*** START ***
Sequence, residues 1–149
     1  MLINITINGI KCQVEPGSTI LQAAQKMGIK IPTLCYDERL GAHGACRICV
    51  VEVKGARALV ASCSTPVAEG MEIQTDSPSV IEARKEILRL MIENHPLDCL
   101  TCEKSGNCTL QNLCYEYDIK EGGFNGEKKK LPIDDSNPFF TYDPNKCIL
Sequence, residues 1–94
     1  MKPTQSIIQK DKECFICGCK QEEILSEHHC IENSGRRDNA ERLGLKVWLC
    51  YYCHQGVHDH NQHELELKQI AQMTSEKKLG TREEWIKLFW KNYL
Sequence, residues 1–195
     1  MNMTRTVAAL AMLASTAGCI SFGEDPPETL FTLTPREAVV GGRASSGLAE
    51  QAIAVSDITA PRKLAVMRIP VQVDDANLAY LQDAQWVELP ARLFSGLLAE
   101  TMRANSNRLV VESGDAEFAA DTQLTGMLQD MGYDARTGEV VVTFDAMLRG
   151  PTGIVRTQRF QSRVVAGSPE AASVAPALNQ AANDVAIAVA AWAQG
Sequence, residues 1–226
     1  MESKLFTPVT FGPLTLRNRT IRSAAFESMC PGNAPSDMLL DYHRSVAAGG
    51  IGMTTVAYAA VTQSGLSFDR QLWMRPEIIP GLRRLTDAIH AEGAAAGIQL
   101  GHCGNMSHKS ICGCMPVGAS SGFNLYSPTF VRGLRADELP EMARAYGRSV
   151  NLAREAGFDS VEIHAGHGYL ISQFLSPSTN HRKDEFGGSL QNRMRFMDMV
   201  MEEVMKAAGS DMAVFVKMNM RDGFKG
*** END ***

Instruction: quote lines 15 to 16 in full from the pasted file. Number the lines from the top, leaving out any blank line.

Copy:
    51  IGMTTVAYAA VTQSGLSFDR QLWMRPEIIP GLRRLTDAIH AEGAAAGIQL
   101  GHCGNMSHKS ICGCMPVGAS SGFNLYSPTF VRGLRADELP EMARAYGRSV